The economic case is as robust as it could possibly be. As far back as August last year a third of media organisations in one study were predicting revenue hits of more than 35%. By the time a post-Covid world genuinely becomes a reality, who knows by how much such projections may have worsened?
In an industry as much bedevilled by uncertainty as any, where Reach have led, others will surely follow.
Yet with all upheavals come winners and losers. While bean-counters high-five, journalism must protect its future – or die.
Like any industry it is nothing without a conveyor belt providing people able to do a wide cross-section of jobs, and do them brilliantly.
At University of South Wales, journalists of the future benefit from the expertise of practitioners and academics who can give them a grounding in core fundamentals through a variety of tailored courses and modules.
But if would-be employers demand students be ‘industry-ready’ by the time they graduate – and USW bases its approach on that very assumption – then there must be a recognition that industry itself has to continue to play its part.
Work placement modules are critical to our students, not just in honing skills and opening eyes to real world challenges but also to building confidence, developing contacts, instilling the highest standards and nurturing collegiate etiquette that can only come with being in people’s physical presence.
Remove the opportunity to spend time in an office, engaging face-to-face with journalists and members of the public, interacting with those in whose footsteps you wish to follow by sitting next to them and seeing at first hand how the job is done, and you strike a hammer blow for the personal and professional instruction youngsters absolutely must be given.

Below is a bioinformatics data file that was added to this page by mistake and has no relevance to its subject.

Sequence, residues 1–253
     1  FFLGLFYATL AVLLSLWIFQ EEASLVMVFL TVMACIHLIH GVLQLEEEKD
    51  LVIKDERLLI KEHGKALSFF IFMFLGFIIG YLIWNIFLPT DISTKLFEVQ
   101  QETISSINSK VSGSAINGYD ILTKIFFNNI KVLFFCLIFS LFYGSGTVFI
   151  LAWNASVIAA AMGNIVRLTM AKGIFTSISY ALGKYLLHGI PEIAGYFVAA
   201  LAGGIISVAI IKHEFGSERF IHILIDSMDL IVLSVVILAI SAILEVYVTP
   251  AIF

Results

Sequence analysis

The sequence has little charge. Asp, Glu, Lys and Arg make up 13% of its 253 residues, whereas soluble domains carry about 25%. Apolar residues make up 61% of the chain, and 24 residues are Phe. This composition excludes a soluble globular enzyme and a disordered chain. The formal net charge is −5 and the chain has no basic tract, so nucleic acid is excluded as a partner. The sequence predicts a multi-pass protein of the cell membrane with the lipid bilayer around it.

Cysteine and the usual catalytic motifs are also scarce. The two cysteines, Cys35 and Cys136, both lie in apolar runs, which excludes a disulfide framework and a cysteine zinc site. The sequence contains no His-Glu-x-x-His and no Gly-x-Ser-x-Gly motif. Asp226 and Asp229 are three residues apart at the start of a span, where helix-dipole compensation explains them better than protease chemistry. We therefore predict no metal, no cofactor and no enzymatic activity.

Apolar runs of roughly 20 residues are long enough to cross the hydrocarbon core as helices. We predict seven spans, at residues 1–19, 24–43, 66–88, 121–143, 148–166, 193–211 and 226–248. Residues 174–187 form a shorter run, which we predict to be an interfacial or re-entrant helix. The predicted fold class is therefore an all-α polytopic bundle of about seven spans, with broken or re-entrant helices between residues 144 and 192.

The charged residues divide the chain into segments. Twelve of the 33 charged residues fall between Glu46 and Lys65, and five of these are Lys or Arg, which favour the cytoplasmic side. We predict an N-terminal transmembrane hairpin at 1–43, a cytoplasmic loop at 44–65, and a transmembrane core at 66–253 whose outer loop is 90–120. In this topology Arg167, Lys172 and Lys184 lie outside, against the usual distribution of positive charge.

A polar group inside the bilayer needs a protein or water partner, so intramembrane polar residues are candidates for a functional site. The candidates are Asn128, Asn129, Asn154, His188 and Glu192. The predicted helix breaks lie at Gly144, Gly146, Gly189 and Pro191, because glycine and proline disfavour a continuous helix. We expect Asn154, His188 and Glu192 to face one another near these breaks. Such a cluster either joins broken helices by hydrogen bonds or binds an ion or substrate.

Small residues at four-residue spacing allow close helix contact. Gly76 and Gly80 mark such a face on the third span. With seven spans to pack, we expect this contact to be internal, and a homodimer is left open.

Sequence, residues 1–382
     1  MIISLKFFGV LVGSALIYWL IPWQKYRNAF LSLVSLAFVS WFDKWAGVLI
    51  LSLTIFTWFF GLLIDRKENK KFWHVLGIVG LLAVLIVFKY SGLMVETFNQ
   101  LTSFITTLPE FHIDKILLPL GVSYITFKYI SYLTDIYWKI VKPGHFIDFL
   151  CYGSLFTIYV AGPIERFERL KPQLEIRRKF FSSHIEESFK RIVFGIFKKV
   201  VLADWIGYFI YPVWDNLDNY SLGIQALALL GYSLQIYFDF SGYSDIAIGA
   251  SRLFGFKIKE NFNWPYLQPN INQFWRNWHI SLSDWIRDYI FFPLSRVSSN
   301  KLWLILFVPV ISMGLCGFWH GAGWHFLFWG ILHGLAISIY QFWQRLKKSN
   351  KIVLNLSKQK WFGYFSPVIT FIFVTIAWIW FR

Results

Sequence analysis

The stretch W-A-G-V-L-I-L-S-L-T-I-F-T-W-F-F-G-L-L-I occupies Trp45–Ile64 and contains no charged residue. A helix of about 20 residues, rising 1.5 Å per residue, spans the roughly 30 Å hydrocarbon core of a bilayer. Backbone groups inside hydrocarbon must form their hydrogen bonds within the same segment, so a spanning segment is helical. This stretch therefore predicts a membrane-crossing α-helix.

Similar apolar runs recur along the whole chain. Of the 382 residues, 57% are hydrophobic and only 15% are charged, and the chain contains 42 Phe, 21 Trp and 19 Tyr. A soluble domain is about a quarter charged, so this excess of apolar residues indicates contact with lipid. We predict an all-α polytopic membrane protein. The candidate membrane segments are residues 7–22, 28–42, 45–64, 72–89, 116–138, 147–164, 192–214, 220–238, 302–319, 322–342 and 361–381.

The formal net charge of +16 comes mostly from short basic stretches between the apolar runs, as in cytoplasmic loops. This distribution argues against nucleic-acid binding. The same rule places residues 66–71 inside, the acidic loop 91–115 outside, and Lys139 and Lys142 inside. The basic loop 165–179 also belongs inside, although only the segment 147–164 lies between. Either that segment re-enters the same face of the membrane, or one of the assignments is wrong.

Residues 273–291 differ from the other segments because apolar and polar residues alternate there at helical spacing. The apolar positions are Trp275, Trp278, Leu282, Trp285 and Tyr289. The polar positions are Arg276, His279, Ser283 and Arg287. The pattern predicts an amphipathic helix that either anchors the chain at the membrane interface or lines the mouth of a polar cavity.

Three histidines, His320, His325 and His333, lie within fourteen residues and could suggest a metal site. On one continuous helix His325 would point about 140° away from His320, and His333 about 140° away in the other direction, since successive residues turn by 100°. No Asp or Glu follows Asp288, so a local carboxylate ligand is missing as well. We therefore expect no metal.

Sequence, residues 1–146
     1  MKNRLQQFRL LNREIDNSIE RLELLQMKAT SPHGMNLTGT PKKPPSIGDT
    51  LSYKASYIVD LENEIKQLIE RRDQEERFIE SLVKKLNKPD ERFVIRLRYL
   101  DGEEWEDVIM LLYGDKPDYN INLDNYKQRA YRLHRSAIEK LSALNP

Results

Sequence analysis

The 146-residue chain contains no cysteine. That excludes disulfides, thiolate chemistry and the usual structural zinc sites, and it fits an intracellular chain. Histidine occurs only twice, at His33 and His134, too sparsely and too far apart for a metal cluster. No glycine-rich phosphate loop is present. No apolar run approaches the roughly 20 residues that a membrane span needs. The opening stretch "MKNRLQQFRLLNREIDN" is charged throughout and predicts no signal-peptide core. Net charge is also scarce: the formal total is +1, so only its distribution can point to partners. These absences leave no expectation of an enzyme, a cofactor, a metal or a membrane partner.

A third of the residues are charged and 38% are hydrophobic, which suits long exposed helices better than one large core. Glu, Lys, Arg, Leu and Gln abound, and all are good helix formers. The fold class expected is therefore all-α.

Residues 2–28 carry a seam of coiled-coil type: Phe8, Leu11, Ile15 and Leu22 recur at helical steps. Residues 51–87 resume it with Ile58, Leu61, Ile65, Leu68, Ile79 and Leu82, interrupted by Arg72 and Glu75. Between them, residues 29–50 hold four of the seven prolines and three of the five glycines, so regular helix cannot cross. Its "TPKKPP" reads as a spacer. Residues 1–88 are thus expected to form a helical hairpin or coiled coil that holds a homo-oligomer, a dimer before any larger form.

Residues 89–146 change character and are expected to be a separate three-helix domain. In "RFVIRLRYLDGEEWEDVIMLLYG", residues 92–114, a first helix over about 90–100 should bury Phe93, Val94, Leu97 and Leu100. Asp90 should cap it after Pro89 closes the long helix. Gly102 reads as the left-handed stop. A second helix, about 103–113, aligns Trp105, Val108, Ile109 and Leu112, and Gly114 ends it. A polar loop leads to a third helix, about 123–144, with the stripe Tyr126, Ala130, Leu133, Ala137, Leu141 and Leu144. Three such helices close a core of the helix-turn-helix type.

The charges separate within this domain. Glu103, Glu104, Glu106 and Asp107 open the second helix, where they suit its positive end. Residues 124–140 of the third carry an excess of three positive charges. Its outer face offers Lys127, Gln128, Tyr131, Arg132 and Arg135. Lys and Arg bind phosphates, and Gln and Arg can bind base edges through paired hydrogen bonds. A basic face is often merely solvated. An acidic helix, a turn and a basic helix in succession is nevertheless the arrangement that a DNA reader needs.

Striving for the best degree possible remains a fundamental staging post on the road to becoming a journalist, but in a fiercely competitive world meaningful work experience on a cv is as much a game-changer in an interview as ever it was. It’s a message, too, that is relentlessly conveyed to each and every USW cohort.
Already, in the last extraordinary year, finding high quality placements in the world of work for our students has become a significantly tougher task, with potential providers, treading water in a world of Zoom meetings, either reluctant or unable to offer anything they – or we – regard as suitably meaningful.
Are we therefore looking at a future that sees students shadowing journalists virtually, or even spending a day sitting alongside them in their converted lofts as they scour social media and dip into Google Hangouts? Is such a scenario even feasible or worthwhile? Do we even need to prepare the journalists of the future for environments that will cease to exist?
As things stand, such questions are almost imponderable.
Work experience, by definition, is something that is supposed to prepare you for the world of work. The South Wales Echo did just that for me 26 years ago.
If the confidence, the social skills, the industry insight, the contacts and the best practice I could only have picked up at Thomson House are one day no longer available, no longer even deemed necessary, then we’ll be entitled to ask: what has the world of journalism become?